One of the key reasons Fujifilm excels in high-quality water-based inkjet ink manufacturing is solid collaboration. And this is support by precision, innovation, consistency, and a seamless transfer of product from lab to plant manufacturing scale.
“We have an experienced knowledge base gained over decades but also a culture of innovation and challenging what we do to make that next step more efficient and maintain our quality”, Roisin Breen, Process Engineer
As a process engineer, I work closely with our machine operators. My background in chemical engineering helps me to make informed decisions on a technical basis, but I’ve learned a lot working hands-on in the field. Operators have the best knowledge base and are always helpful, while I’m willing to listen and learn, which builds trust.
The manufacturing floor runs 24 hours, five days a week. I spend much of my day there, equipment troubleshooting, helping operators resolve quality issues, ensuring we’re running our processes efficiently and maintaining the highest product quality.
I collaborate with all the different departments, working closely with the Technical team, as they support daily operations, our Maintenance teams who help us stay running, the Quality Control (QC) team in the laboratory, Supply Chain, and Quality Assurance (QA).
Innovating to achieve inkjet consistency and repeatability
Between all our USA site team members, we have decades of experience, a robust knowledge base and there’s also a culture of innovation. We’re constantly pushing to see what we can do next to manufacture our product more effectively, whether that’s cycle time or quality improvements. Everyone on site is eager to help each other, and we have many collaborative meetings where we get different departments’ perspectives.
To ensure consistency and repeatability, we do a lot of process testing, monitoring what we’re doing from batch to batch. For example, we look at our water quality very closely because we make aqueous inks, which are water-based. I’ll monitor the water quality daily and act as needed to maintain it.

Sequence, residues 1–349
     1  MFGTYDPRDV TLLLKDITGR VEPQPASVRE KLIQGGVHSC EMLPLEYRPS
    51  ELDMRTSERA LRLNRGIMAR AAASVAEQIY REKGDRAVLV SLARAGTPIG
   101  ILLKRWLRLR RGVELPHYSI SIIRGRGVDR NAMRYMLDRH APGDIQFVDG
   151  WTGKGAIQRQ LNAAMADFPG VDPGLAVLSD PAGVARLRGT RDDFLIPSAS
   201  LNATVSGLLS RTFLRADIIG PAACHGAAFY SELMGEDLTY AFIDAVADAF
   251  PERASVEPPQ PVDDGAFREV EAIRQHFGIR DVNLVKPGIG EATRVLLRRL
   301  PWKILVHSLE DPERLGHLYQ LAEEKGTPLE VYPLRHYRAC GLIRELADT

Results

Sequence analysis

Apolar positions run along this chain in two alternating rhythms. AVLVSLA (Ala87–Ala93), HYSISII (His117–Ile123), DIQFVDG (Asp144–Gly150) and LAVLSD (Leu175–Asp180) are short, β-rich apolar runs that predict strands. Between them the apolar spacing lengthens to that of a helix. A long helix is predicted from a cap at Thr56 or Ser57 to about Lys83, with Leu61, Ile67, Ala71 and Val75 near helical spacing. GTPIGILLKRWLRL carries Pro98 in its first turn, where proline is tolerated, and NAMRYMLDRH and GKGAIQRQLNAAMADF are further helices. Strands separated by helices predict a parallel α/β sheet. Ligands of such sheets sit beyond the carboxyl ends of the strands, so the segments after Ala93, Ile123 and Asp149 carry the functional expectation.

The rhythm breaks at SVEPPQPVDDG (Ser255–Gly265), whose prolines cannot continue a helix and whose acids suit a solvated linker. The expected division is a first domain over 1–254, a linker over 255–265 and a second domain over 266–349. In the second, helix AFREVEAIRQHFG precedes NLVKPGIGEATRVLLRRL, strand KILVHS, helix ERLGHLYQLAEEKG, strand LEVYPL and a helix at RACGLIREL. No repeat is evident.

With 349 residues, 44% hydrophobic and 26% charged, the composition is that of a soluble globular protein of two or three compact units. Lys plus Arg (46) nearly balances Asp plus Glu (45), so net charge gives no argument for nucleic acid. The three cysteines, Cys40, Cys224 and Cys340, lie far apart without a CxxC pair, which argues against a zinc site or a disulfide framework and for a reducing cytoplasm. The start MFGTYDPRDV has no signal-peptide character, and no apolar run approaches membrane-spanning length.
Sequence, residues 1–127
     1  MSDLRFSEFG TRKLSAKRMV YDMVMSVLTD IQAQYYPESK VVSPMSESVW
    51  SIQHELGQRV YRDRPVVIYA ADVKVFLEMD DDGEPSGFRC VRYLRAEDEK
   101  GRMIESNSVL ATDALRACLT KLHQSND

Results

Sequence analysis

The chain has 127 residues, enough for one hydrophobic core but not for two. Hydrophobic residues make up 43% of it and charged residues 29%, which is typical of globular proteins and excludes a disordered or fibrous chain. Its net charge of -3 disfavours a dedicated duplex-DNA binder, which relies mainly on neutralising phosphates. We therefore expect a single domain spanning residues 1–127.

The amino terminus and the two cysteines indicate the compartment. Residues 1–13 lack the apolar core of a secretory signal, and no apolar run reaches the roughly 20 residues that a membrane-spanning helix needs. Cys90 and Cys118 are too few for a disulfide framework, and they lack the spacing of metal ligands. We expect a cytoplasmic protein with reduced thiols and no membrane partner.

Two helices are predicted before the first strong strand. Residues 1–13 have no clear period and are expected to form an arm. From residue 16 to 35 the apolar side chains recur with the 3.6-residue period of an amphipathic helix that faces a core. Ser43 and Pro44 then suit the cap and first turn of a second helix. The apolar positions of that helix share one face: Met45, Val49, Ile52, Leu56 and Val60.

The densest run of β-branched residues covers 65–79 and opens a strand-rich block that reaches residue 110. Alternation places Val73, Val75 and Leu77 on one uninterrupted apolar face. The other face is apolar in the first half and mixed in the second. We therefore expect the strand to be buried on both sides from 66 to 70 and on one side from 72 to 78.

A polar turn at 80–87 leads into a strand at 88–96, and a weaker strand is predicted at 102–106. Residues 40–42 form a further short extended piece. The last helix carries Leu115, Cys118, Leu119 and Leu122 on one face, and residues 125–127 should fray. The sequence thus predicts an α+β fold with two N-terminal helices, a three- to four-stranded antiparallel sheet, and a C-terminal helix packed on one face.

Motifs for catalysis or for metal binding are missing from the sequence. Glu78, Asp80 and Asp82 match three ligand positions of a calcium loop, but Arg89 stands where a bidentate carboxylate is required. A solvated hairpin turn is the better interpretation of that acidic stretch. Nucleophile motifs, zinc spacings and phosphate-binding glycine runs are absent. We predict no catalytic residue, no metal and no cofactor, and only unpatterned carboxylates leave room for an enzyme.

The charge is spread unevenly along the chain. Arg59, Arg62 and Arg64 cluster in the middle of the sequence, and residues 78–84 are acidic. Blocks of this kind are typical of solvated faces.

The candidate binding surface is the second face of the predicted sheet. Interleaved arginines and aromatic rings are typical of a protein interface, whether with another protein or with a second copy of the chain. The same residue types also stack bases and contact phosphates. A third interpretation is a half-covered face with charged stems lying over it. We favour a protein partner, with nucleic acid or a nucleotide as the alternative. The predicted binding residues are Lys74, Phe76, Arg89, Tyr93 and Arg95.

We treat incoming city water that goes directly into a reverse osmosis unit to purify it before going into a storage tank where we keep treated water for use in the plant. It never sits stagnant – we pull a lot of samples and test them to ensure we maintain that high quality. The main component we look for is bacteria growth, as this could plug printheads.
Ensuring inkjet ink quality requirements
We ensure our processes are within tight control limits, with specifications for every quality parameter we test, whether surface tension or conductivity, on our final products.
We have lower and upper specifications that our products always need to be within to ensure what we’re sending customers meets their quality requirements, their forecasted demand, and their expectations for the product. We also do in-process tests – taking samples and ensuring they are the quality we expect them to be at that step. We monitor those results over batches to ensure we don’t have much variability.
Then, we’ll have collaborative project meetings where all the departments align on the customer’s needs and ensure they deliver in their specific areas. Finally, we work on what we’ve agreed and return a few times to check with each other. And we are working with the customer through to scale up and making the product.
Challenges in water-based inkjet ink manufacture
The main quality issues you could face are in the process or raw materials. Another challenge is taking a product from a lab where you might be using beakers and scaling up to plant scale and large tanks. Part of my job is ensuring we can scale up. Onboarding new customers involves visiting their site and frequent meetings with the customer team to ensure we correctly transfer their product from the lab scale to the plant manufacturing scale.
For example, we had a product scale-up where the raw materials we were charging into the tank had to be an exact amount. Our accuracy scale is usually in the ± 2% range, but this had a much tighter tolerance. Getting that type of precision at a smaller or lab scale is more manageable. So, we worked with our team in Japan to come up with a practical way for operators to charge raw materials with tight accuracy.
Collaboration is key. This means years of experience and backgrounds in different areas giving us new perspectives and ideas we can bounce off each other. Then, when we come to alignment, we have the best path forward.